Erwin McManus tells a story about an experience he had while rafting (in his book Uprising: A Revolution of the Soul). In the calm water the rules about a tight/snug life jacket “made about as much sense as a seat belt in a parked car” but after the raft had flipped in the rapids and he was fighting to keep his feet up and his head above water the rules made complete sense. He describes the thoughts of fear and regret as he looked for a way to get out of the rapids, all while struggling to keep his feet up and his head above water, and in the midst of it all “it was as if I could hear a voice inside of me both crying out and confessing without shame, ‘I want to live!’” A few pages later he says, “I am convinced that in all of us there is a voice crying out, a confession waiting to be declared without shame, ‘I want to live!’”
Perhaps I am stating the obvious, but I am increasingly convinced that if we forget that this relationship we are in—we being the Church, we being the Bride of Christ—if we forget that this relationship we’re in is nothing more than a matter of the heart, then we are missing the whole point and we are giving away opportunity after opportunity to live an abundant life.
In my church tradition we frequently voice a prayer of confession that begins with the most important thing we can ever confess: “We confess that we have not loved you (God) with our whole heart.”
I spent several years away from Church in my teens and early 20s. When I returned to the church it was in a tradition where we had weekly confessions. As we made our confession we stood before a large icon of Christ, with the priest standing at our side. One Saturday I was standing there, looking into the eyes of the icon and I quietly offered, “I don’t know if I have anything to confess this week.” I mean, I had been an impatient father and husband on more than one occasion, and I had been a less than charitable human on more than one occasion, but why bother Jesus with those kinds of trivialities? So I said, “I don’t know if I have anything to confess.” And the priest, standing next to me, quietly said, “Maybe, Daniel, that is where you need to start.”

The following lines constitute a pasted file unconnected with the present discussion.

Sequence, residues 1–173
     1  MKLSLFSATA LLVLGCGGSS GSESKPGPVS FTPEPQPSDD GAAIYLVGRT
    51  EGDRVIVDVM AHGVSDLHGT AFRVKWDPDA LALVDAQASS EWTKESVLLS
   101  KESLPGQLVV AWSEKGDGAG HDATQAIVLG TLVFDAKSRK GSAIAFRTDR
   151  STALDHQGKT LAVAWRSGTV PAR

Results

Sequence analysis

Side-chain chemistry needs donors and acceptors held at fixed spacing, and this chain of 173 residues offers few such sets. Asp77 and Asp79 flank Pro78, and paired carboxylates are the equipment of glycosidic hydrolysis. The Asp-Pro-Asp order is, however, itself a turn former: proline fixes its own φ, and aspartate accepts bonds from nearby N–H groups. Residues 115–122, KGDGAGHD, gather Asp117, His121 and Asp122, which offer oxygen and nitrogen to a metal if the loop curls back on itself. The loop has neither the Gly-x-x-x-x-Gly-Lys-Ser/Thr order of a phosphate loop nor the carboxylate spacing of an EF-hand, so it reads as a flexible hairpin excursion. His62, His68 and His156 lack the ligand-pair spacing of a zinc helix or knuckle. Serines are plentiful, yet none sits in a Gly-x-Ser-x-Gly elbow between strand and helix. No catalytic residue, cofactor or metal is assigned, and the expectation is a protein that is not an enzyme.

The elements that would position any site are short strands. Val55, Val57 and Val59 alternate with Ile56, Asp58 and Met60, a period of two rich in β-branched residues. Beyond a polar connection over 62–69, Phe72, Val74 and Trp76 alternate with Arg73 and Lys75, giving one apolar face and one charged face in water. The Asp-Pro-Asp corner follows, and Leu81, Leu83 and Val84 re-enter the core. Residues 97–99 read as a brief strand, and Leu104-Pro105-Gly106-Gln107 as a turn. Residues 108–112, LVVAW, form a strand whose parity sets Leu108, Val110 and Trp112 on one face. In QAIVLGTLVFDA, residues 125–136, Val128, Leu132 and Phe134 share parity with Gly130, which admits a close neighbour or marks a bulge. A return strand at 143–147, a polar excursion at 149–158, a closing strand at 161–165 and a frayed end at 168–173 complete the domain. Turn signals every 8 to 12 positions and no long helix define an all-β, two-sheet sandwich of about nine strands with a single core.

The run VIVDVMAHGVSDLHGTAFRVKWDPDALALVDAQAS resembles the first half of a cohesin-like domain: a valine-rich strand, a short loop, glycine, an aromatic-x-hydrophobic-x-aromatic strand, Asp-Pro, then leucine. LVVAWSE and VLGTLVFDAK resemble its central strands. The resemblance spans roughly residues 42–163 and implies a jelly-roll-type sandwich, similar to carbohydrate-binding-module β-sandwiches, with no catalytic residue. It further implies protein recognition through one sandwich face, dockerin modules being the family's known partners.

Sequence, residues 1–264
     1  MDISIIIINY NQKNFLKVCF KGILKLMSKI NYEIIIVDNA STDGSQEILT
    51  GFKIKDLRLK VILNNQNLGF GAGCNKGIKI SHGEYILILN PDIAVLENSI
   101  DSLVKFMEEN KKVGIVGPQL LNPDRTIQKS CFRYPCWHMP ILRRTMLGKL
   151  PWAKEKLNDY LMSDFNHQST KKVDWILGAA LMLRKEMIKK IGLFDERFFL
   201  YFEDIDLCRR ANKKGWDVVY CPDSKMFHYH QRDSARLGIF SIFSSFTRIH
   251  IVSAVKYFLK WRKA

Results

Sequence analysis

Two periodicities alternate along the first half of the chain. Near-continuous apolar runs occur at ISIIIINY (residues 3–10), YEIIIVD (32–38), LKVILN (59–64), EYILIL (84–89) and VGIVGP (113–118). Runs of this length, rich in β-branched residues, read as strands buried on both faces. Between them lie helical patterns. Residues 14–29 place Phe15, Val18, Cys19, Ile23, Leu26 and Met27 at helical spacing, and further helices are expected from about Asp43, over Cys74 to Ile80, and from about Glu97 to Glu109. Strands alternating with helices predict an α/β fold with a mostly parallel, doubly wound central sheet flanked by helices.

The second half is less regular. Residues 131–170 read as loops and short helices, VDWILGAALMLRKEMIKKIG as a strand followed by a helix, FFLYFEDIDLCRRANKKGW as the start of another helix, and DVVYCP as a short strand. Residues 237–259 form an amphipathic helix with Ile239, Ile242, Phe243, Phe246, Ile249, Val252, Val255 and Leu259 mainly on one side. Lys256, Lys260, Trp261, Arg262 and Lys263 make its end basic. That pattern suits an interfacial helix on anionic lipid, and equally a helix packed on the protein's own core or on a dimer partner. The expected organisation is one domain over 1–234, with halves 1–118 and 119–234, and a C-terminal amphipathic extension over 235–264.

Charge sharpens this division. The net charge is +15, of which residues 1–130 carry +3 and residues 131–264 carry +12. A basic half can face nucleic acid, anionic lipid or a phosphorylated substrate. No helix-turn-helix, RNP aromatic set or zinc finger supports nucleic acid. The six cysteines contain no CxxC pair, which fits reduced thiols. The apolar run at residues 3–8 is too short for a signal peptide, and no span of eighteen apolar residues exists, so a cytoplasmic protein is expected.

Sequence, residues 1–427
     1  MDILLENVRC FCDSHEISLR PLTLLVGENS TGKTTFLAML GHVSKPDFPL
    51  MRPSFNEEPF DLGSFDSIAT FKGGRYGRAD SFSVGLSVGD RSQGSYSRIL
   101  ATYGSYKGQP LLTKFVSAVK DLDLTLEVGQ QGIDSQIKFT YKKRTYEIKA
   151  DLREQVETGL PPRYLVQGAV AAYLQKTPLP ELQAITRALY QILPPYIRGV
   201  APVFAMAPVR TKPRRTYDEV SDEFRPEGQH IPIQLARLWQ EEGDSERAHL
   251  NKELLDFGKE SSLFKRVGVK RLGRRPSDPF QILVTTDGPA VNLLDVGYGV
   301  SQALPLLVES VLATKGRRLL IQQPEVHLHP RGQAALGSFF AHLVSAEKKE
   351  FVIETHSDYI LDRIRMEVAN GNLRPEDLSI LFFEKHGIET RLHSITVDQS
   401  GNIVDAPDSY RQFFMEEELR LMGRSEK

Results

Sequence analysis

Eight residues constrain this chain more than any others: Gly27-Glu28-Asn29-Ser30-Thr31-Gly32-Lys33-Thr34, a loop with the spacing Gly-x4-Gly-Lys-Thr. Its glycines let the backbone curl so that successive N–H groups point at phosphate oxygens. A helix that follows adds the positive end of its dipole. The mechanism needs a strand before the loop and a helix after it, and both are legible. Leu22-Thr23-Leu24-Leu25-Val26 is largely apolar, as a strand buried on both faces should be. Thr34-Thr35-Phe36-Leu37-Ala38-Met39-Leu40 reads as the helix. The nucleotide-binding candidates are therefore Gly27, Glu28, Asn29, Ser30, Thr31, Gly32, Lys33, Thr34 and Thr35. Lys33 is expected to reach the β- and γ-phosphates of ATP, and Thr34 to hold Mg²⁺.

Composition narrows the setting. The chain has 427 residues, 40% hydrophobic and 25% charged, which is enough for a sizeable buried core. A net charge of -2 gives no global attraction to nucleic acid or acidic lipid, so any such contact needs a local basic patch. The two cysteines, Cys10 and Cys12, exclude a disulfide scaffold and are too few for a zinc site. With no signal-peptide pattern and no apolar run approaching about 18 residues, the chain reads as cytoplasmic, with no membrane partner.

We confess that we have not loved you with our whole heart…
Why do we say that? Because the Shema says, “Hear, O Israel, Adonai is our God, Adonai is One; you shall love the Lord your God with all your heart.” And Jesus, when asked what the greatest Commandment is says, “The first and greatest commandment is this: You shall love the Lord your God with all your heart…” (He’s reciting the Shema, by the way.)
And so we confess…but why do we confess?
Joel says, “Bad things are on the horizon.” Like any number of prophets before him and after him, Joel says, “Trouble is coming, so change your ways; clean up your act.”
At least that’s where he starts.
I would bet–and I’m not really a gambling person–but I would bet that most of us have been on either the giving or receiving end of a statement like: “If this happens again, you’re going to be…” (grounded, written up, standing in front of the Captain, etc.)
Granted, there is a time and a place for “Come to Jesus talks,” and enforcing negative consequences certainly creates compliance.
But I’m thinking, and wonder if you don’t agree, that God is interested in more than just compliance. Because compliant people aren’t joy-filled people. They are compliant; they are afraid of being in trouble and so they toe the line. What God is after, ultimately is our hearts, our complete and total devotion.
There happen to be a few sets of words that have changed my life; one set is this: “This will be so much easier if you just admit that you love me.” They came from my best friend.
Lately as I ponder what it is to undertake the season of Lent and the disciplines that we are invited to be molded by–and ultimately what I understand the life of a Christian to be about–I hear the words spoken by my best friend, “This will be so much easier if you just admit that you love me.”